Patty Murray and Paul Ryan have reached a budget deal that would add about $63 billion to discretionary spending, partially reversing the deficit-reduction scheme known as the "sequester." While the plan is a small step in the right direction, it does almost nothing to mitigate a decades-long decline in public investment and discretionary spending.
First, some background. In August 2011, Congress and the Administration attempted to solve an impending fiscal crisis through the Budget Control Act (BCA). The BCA rightly included a clause that would put in place automatic cuts should Congress fail to reach an agreement on deficit reduction, but failed in two key respects. One, the BCA attempted to achieve austerity far too quickly, cutting off support for a struggling economy right when it needed public funds the most. And two, BCA's cuts focused on the wrong type of spending, primarily cutting discretionary spending-a catchall term that mostly refers to spending other than interest and transfer programs-instead of large entitlement programs like Medicare and Social Security. When all was said and done, BCA cut expected discretionary spending by over $2 trillion over ten years.
As a result, discretionary spending has fallen to its lowest level in decades. In fiscal year 2013, discretionary spending amounted to just 7.6 percent of GDP, down from 12.6 percent five decades earlier and about 2 percentage points below the 50-year average. While not all discretionary spending is investment, much of it is, including spending on infrastructure, community development, and energy. If the sequester remains in place, this trend will continue. The Congressional Budget Office (CBO) estimates that discretionary spending will amount to just 5.5 percent of GDP in 2023-the lowest level in the postwar era.
Discretionary spending encompasses a wide range of programs and is not easily characterized. About half of discretionary spending goes towards defense, and the other half is spread across programs like education, health, transportation, energy, justice, and community development. Much of our public investment is made through discretionary spending, as is most of the spending on "public goods"—programs that benefit the country as a whole, rather than just a single individual or household.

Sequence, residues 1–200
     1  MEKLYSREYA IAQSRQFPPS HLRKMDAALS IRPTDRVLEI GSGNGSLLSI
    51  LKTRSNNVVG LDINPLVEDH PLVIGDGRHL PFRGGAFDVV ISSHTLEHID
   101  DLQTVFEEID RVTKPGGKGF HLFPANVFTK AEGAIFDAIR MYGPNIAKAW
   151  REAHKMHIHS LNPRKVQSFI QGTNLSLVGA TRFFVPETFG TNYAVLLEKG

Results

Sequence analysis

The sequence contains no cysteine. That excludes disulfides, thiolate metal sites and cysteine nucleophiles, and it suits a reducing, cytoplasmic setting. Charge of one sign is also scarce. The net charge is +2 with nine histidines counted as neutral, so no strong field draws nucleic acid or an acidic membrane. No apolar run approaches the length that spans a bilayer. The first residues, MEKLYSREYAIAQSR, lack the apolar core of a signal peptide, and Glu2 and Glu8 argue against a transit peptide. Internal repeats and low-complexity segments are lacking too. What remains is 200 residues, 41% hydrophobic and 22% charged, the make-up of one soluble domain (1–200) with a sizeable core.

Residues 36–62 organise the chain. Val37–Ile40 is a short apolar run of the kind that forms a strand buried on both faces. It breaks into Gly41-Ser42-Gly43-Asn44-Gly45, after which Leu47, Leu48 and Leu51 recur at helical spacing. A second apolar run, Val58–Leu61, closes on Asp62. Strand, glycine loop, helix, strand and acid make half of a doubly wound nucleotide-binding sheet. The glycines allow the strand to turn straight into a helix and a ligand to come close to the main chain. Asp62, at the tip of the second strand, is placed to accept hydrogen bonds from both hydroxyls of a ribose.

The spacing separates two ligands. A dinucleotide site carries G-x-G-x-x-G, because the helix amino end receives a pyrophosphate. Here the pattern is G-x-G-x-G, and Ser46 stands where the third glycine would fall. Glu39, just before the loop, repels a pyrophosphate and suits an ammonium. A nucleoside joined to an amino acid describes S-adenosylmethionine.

This trend can be seen not only in CBO estimates of discretionary spending, but in the National Income and Product Accounts as well. In the five decades between 1963 and 2012, the share of spending classified as "federal consumption and gross investment"-a term that essential applies to all spending other than transfers, interest spending, and subsidies-fell from 13.7 percent of GDP in 1963 to just 8.0 percent of GDP in 2013.
Perhaps the starkest decline can be seen in historical budget data from the Office of Management and Budget (OMB). OMB tracks a category of spending called "Total investment outlays for major physical capital, research and development, and education and training"-which is a pretty decent measure of government investment in infrastructure and human capital. Over the past 50 years, our spending on this type of investment has plummeted. In 1963, a whopping 34.5 percent of the federal budget was devoted to this type of investment; by 2013 the percentage had more than halved to 15.0 percent. And as a share of GDP, spending on major investments fell from 6.4 percent of GDP to 3.1 percent.
Small-government advocates have cheered the sequester—and opposed the Murray/Ryan compromise—on the reasoning that all government spending is bad spending. But as any introductory economics student can attest, not all spending is equal, and there are big differences in spending to consume and spending to invest: investment leads to a richer life in the future, consumption does not.
Congressional agreement on partially reversing the sequester would be a small but critical first step towards improving public investment. Long-term deficit reduction is undoubtedly one of our nation's biggest challenges, but the solution lies in cutting back entitlement spending and raising sufficient revenues, not pushing down discretionary spending far below historical lows.